And this is not just a woman's issue. As more couples share parenting, I see a tremendous number of fathers with the same anxiety as mothers. The age-old pattern of mothers protecting and fathers encouraging their kids to take risks is changing.
Q: But given recent world events, don't parents today have good reason to be more worried?
A: Worrying about global events is totally justified, but parents don't have to worry about every aspect of their children's lives. By most measures, kids are healthier and safer than they have ever been. Statistics show that, for instance, child abductions by strangers and school violence are down. Recent policies requiring childproof medicine caps, car seats, and bicycle helmets have reduced accident-related fatalities. Yet parents worry more and feel less capable of making everyday decisions when it comes to their kids, and that is unnecessary.
In fact, I know some parents felt almost a sense of relief shortly after the 9/11 attacks because they suddenly felt freed from worrying about the small daily issues. Instead of fretting over whether they should let their daughter wear a navel ring, they focused on the real external dangers. But as soon as the immediate threat passed, they started worrying about navel rings again. The point is, parents feel overwhelmed by even routine childrearing decisions, and they shouldn't.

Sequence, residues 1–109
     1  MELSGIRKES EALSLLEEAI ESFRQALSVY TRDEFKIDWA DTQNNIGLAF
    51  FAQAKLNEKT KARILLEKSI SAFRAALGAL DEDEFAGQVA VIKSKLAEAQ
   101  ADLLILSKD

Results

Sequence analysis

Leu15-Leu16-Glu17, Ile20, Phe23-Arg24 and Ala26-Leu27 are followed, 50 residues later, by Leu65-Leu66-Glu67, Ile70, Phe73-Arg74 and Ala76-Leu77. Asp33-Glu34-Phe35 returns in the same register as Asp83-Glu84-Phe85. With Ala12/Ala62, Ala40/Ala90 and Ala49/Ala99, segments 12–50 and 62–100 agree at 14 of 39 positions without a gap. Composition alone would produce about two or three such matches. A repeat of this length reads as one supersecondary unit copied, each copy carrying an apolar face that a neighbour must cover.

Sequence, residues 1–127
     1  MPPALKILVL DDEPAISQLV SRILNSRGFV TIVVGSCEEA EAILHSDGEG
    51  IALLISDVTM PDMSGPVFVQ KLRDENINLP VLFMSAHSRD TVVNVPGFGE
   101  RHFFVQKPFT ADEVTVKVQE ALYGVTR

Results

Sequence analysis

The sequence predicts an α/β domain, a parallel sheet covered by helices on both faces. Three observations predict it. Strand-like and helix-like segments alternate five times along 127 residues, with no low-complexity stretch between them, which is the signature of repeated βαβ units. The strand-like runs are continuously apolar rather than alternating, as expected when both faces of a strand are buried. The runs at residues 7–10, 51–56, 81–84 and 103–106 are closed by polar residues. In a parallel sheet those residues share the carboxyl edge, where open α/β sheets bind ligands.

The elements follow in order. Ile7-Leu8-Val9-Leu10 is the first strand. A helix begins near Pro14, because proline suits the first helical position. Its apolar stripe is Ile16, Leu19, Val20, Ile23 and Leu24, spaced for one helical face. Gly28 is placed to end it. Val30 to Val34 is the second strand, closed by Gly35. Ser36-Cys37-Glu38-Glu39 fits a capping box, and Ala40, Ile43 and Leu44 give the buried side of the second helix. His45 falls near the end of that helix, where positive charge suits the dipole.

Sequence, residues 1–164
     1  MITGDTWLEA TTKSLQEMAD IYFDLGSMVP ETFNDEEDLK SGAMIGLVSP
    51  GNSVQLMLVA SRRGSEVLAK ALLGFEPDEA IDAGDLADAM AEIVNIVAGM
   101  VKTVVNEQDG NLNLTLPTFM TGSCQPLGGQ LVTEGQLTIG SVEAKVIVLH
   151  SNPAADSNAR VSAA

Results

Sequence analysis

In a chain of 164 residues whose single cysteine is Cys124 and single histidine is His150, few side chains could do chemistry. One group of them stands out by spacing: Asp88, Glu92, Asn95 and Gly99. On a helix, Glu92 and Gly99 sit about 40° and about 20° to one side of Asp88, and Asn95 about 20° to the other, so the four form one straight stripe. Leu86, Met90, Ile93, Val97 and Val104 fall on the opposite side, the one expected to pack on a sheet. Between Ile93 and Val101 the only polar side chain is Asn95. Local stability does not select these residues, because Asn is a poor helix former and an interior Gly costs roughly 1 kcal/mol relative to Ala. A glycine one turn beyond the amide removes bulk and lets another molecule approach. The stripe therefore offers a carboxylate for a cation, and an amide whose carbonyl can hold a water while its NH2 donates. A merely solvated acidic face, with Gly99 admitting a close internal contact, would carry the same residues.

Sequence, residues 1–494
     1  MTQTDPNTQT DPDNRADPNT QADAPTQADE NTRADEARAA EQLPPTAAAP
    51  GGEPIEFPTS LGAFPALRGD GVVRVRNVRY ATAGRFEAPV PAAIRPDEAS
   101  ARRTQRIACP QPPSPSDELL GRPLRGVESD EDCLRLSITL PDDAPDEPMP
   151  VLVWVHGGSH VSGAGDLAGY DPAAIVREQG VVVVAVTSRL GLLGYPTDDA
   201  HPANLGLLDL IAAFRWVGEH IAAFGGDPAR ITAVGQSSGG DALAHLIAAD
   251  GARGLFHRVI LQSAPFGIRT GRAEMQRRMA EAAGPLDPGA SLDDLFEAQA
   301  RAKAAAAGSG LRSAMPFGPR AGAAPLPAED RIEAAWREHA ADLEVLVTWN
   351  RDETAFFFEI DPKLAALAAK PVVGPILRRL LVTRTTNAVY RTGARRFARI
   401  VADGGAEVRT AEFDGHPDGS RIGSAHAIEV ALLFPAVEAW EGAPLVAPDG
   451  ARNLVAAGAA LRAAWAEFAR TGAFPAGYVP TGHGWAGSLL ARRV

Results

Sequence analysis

Q: Why does everyday life feel so much more dangerous than when we were growing up?
A: We're watching the news, which has become increasingly tabloidlike, on a 24-hour basis. Suddenly everything that happens with children is termed a crisis. Whether it's an incident like Columbine or last summer's child abductions, there is nonstop coverage. Watching graphic images round the clock, you can easily move from "What if that happened here?" to "It's going to happen here!" Sound social-science research demonstrates over and over that the more TV news people watch, the more they tend to overestimate the chance of bad things happening to them.
Q: You've also attributed this surge in worrying to family size. Can you explain?
A: The number of people who have one child, or are parenting their first, is the highest it's ever been. There were 16.2 million families with one child in 2000, according to U.S. Census Bureau figures.
By definition, parents of first children are novices. They're more likely to take notes, ask questions, and worry about their kids. Since most parents have small families today, most of the population stays in that first-child-anxiety state. In past generations, people were in that condition only temporarily because they tended to have more kids. If you have just one or two, you'll be much more anxious and preoccupied.